South African plays bid for US audience -- and understanding
New York — Bopha! Play written and directed by Percy Mtwa. Children of Asazi Play written and directed by Matsemala Manaka. Gangsters Play written and directed by Maishe Maponya. Born in the R.S.A. ``Living newspaper'' created by Barney Simon and cast. Directed by Mr. Simon.
Lincoln Center recently played host to ``Woza Afrika!,'' a festival of plays presented by several outstanding South African companies.
The festival opened with ``Asinamali!,'' which has already been reviewed in these columns and is now touring North America. It is scheduled for a Broadway opening later this season.
Bopha!, the second festival production that was presented at the Mitzi E. Newhouse Theater, examines the tragically divisive effects of South Africa's apartheid system within the black majority population itself. The title of Percy Mtwa's play is a Zulu word meaning ``arrest'' and ``togetherness.'' Mr. Mtwa employs both meanings as he tells the story of three urban black family members driven by an oppressive regime to conflict and ultimate solidarity.
Aubrey Radebe plays a cautious career policeman content to enforce the white man's law. ``If you can't beat them, join them,'' he tells his skeptical brother (Aubrey Molefe Moalosi), who accepts a job on the force rather than face arrest for lack of a necessary pass. For such infractions of the rules as arresting a white man, the brother predictably gets into trouble.
The policeman's activist son (Sydney Khumalo) will have nothing to do with any accommodations. Participating in student protests, he winds up in his father's jail. Mtwa resolves the familial conflict only after police action and accompanying gunfire have led to the violent death of the policeman's wife.
As complex as it is committed, ``Bopha!'' moves through a minefield of racial, political, and ideological issues. Like other plays in the festival, it can perceive the comic possibilities even in dire situations. Playing multiple roles, the three actors have a field day caricaturing some of the white types (particularly two police officials) who populate the rapid succession of sketchy scenes. The Earth Players production was lighted by Mannie Manim.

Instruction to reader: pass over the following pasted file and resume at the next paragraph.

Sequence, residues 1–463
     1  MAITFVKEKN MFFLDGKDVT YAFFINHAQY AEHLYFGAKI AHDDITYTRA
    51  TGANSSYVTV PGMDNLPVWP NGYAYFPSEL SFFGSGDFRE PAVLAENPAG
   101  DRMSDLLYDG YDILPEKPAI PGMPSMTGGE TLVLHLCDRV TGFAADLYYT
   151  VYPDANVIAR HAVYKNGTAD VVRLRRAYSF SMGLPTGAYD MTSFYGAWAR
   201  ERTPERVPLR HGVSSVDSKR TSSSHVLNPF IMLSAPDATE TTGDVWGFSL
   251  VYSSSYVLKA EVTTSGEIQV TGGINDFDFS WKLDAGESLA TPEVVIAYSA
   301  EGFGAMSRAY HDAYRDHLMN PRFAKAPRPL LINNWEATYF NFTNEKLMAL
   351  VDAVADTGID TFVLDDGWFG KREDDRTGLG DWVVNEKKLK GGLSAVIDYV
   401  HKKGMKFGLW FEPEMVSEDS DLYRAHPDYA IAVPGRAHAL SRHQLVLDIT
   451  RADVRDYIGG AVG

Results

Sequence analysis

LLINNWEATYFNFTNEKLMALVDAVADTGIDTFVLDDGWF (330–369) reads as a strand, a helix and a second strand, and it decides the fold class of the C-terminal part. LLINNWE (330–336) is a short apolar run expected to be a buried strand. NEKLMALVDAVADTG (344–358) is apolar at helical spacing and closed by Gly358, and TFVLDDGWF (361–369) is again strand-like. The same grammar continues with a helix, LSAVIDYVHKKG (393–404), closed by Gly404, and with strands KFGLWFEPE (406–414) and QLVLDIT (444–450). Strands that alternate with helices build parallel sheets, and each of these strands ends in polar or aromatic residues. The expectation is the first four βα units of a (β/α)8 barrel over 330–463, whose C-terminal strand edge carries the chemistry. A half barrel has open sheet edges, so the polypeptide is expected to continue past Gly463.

Two short plays comprised the third program in the Lincoln Center festival. Children of Asazi, by Matsemala Manaka, opens as bulldozers move in to demolish the corrugated shacks that provide makeshift homes for the black inhabitants of Alexandra Township. Graffiti in bold letters spell out the themes of resistance -- ``TELL DEM WE BEUDIFUL,'' ``NO TO RESETTLEMENT,'' ``VIVA FRIDOM.''
Young activist Diliza Mabunu (Ali Hlongwane) breaks with his cautious father, Nduna (Peter Boroko), and enlists in the unequal fight against the bulldozers sent to wreck the Alexandra dwellings. But Diliza is also deeply concerned about the fate of Charmaine (Soentjie Thapeli), his pregnant girlfriend, and the whereabouts of his absent mother, whom his father divorced many years previously.
The spectator is carried forward by the impetus of the play's impressionistic events, the intense though fragmentary glimpses of fragmented lives. And there is always the binding emotional element of music: in spontaneous songs (with program translations in English) and in Khaya Mahlangu's haunting jazz saxophone solos. While the larger issues of white oppression remain unresolved, there is at least a resolution, on the more intimate level, of Diliza's relations with Charmaine and with his father. The author calls the play `` a serious love comedy.'' It tells how love survives in the midst of dispossession and chaos.
The performance staged by Mr. Manaka integrated a mixture of theatrical arts into a harmonious entity. ``Children of Asazi'' was lighted by Mr. Hlongwane and Paul Abrams, with movement by Momsa Manaka. The production represented the Soyikwa Institute of African Theatre.